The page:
Over the past year, I’ve had a number of people ask me for good Christian resources aimed at helping pastors, parents and Christians with gender dysphoria to navigate the difficult questions about gender identity that we face in the postmodern world. In all cases I’ve smiled sadly, shrugged my shoulders, and said, “Well…there is a book being written about this. It’s good. But unfortunately, it hasn’t been released yet.
A lot of the concerns that Mark voices echo my own. For example, he talks about the problem of marginalized groups having their stories written or told for them by more dominant groups, and then goes on to analyze how this happens in both the Christian and the secular world. I think it’s a very pertinent point. On the one hand, there is a very strong risk that people (young people especially) who are experiencing gender dysphoria in a Christian context will feel like they have to conform to gender expectations or that their trans experiences are an affront to the created order. On the other hand, there is a risk of people being railroaded into a narrow kind of transgender narrative in which hormones, surgery and legal change of identity are the only means of living authentically.
Yarhouse suggests that if Christians want to minister effectively trans people, one of the approaches that we should consider is helping people to navigate gender dysphoria by exploring alternatives to both of these narratives. He offers three different frameworks that might be considered, and provides an honest discussion of the strengths and weaknesses of these different paradigms. Instead of telling people how they need to identify, what treatment they ought to seek and how they ought to conceive of their experience, he instead offers a toolkit to provide folks with a greater range of options.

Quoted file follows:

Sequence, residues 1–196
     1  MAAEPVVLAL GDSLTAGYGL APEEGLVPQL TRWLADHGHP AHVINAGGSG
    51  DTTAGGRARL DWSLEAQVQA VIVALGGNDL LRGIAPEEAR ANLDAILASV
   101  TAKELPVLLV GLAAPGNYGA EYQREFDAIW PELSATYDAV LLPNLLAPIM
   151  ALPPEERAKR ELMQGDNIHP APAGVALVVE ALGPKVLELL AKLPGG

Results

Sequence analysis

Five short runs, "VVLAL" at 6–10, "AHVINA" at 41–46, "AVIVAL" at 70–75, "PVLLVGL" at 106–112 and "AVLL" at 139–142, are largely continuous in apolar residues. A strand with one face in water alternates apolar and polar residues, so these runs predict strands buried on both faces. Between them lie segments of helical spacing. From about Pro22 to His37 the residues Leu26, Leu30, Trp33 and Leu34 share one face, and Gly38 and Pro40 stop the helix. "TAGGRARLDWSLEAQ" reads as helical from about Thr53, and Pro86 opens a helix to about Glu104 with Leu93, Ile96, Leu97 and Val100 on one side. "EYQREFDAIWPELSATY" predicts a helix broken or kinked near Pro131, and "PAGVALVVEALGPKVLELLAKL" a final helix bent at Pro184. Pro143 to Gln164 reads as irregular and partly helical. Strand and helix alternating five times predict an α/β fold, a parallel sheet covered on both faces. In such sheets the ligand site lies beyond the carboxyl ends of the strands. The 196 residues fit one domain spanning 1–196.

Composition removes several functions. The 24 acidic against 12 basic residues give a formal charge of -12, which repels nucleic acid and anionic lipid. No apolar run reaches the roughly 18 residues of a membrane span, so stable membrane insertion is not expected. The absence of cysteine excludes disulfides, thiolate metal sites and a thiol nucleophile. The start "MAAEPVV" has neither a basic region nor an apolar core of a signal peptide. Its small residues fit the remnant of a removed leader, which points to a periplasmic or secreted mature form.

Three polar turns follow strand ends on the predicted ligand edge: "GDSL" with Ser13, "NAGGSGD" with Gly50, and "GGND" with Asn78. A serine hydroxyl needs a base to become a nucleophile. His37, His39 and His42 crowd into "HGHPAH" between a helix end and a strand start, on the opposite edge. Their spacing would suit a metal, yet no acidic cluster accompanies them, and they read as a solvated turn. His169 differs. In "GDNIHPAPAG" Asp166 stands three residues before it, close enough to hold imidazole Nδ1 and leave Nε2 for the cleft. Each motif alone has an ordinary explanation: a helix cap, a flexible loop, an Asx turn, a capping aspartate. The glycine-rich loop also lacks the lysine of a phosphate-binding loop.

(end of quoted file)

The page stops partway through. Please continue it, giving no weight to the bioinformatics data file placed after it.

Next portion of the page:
Mark also offers a lot of advice for how Christian communities can improve their ministerial approaches to trans people. He illustrates his points in simple, accessible ways like this flow chart, describing two different approaches to ministry:
“Belong –> Believe –> Become.”
Mark suggests that many Christian communities close their doors to trans people because they functionally practice the first model, and he suggests that the second model is more evangelical in the sense that it has a greater capacity to actually evangelize.
Now, I don’t want to give the impression that I agree with Mark on everything. There are some places where I would have been more critical of traditional Christian approaches to gender, and where I would more strongly emphasize the harm that can be done. I suspect that some trans readers will find this book frustrating because it approaches transgender expression, especially surgical and hormonal interventions, with a great deal of caution. I suspect that some Christian readers will find the book objectionable because it approaches those same topics with openness, and without condemnation. A lot of people would probably prefer a book that was more polemical and less even handed.
Yet it is to those folks, especially, that I would recommend this book. I’m not saying that you need to read it and agree. I’m saying that if you want to be able to actually understand both sides of the issue, whether you’re on the left or the right this book will give you something to think about – and it will do so with humility, insight, and respect.